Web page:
March 7, 2005
Look What Sarbanes-Oxley Has Wrought
The Sarbanes-Oxley Act requires corporate counsel and directors to investigate all reports of potential wrongdoing at a corporation, and an anonymous tip appears to have led to the removal of Boeing CEO Harry Stonecipher because he was having an affair with another Boeing executive. A press release issued by the company (here) discusses an investigation of Stonecipher by inside and outside cousnel that led to the Board's decision to fire him:
The Board actions were taken following an investigation by internal and external legal counsel of the facts and circumstances surrounding a personal relationship between Stonecipher and a female executive of the company who did not report directly to him. The Board determined that his actions were inconsistent with Boeing’s Code of Conduct.“ The Board concluded that the facts reflected poorly on Harry’s judgment and would impair his ability to lead the company,” said Platt.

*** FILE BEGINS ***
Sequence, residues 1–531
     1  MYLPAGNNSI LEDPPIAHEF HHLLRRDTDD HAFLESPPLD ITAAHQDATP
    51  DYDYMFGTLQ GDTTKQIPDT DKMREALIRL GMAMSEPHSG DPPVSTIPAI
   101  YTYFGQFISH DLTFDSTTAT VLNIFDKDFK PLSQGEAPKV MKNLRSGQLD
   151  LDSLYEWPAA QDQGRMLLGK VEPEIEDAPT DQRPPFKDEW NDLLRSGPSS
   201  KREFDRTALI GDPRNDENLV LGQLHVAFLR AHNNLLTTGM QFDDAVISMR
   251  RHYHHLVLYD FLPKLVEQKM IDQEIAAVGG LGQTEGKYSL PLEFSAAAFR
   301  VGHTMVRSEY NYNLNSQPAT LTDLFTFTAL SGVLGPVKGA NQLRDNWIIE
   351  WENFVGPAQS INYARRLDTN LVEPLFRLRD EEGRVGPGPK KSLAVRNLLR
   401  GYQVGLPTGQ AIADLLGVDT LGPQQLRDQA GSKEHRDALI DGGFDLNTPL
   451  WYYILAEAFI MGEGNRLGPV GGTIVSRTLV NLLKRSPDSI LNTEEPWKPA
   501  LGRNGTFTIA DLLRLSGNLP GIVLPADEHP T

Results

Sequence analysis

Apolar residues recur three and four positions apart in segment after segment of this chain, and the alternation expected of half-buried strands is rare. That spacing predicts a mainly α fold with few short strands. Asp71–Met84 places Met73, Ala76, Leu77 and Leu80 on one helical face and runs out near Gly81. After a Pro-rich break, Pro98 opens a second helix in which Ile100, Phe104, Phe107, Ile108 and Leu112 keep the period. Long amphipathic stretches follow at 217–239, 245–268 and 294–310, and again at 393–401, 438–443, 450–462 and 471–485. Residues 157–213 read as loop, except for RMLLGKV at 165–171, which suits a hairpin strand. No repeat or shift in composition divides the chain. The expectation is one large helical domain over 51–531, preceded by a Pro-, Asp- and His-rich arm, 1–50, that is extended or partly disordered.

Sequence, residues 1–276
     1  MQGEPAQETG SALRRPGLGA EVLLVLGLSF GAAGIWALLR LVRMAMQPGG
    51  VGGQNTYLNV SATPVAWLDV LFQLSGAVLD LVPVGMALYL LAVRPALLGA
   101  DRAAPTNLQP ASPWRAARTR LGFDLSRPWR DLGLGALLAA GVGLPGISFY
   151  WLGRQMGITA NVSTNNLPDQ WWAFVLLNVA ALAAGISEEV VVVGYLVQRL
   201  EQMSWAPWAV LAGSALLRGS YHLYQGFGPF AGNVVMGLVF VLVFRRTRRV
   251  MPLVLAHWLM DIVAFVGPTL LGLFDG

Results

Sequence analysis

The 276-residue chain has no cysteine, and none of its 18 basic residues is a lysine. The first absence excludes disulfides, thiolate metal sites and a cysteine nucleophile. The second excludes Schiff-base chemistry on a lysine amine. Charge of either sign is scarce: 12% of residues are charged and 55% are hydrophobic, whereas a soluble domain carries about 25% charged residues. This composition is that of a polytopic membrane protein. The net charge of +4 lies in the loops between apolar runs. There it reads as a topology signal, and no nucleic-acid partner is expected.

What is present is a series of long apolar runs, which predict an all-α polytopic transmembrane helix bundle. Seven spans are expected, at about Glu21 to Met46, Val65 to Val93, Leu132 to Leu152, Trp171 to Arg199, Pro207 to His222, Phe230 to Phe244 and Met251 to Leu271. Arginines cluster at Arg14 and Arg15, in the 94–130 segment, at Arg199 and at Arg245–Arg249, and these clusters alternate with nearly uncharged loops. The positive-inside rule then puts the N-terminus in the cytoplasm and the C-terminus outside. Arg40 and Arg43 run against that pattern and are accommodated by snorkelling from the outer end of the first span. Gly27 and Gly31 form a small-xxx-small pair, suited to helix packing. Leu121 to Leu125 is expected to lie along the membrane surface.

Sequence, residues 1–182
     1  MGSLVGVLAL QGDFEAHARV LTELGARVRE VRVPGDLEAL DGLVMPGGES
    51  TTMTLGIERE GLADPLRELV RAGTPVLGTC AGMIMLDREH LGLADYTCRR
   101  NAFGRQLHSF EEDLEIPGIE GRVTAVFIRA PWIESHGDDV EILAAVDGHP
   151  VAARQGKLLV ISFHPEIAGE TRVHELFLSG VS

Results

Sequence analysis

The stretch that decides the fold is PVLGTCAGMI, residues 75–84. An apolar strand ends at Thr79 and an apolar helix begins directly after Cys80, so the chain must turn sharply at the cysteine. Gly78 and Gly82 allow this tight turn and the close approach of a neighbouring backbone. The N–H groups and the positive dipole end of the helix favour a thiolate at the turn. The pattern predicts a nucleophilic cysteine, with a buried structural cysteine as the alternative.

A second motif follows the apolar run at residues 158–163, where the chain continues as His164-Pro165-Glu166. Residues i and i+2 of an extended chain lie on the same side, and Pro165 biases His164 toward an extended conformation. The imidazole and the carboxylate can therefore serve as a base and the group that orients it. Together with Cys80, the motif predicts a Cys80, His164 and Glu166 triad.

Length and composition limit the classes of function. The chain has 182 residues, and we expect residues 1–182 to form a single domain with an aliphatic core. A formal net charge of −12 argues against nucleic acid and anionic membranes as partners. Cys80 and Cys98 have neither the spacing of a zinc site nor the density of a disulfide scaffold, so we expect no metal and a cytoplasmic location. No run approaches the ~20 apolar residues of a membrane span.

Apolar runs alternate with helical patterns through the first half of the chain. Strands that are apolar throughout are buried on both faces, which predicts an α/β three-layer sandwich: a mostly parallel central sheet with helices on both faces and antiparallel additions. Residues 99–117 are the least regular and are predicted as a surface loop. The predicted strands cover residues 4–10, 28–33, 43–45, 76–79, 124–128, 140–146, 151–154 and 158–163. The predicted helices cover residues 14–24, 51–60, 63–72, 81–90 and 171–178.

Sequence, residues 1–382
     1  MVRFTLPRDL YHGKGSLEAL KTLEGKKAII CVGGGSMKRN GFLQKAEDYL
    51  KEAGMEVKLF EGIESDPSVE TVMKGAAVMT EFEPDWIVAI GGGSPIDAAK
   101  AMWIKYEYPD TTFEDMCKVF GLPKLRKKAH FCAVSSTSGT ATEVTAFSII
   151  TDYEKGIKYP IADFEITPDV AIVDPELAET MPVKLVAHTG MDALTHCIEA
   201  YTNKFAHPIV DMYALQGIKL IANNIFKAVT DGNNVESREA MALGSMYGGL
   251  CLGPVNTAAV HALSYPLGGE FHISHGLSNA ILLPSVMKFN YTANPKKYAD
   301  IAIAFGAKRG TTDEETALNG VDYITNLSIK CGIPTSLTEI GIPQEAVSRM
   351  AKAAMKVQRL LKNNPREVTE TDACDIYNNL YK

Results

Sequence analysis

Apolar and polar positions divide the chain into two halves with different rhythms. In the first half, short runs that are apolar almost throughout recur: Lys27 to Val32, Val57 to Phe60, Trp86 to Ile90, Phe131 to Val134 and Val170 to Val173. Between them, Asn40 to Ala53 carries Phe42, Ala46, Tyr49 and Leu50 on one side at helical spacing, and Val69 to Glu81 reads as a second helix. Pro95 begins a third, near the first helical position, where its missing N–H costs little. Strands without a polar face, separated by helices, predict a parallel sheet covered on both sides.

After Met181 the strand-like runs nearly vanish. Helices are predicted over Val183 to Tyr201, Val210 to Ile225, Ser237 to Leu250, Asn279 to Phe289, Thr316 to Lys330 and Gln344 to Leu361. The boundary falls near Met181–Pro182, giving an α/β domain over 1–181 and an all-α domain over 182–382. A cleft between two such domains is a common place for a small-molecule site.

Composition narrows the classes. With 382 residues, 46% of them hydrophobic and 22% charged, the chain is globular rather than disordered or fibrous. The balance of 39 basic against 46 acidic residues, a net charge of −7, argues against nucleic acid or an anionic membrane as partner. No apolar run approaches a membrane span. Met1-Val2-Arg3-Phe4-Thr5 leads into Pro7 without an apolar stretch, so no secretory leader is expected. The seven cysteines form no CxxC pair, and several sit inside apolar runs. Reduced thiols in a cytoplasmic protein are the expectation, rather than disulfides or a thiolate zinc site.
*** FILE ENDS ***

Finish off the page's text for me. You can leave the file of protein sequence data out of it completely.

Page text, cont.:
Stonecipher will no doubt receive a nice severance package, although the assertion that the other excutive did not report to him "directly" seems a bit disingenuous -- doesn't everyone report to the CEO? Stonecipher's demise probably is not nearly as damaging to the company as the firing of his predecessor, Phil Condit, because of the scandel involving the aborted hiring of former Air Force procurement chief Darleen Druyun in 2003. Moreover, the Pentagon's suspension of Boeing from bidding on rocket contracts because of its misuse of information from Lockheed Martin was lifted just last week. At least the company is finding new ways to act improperly. (ph)
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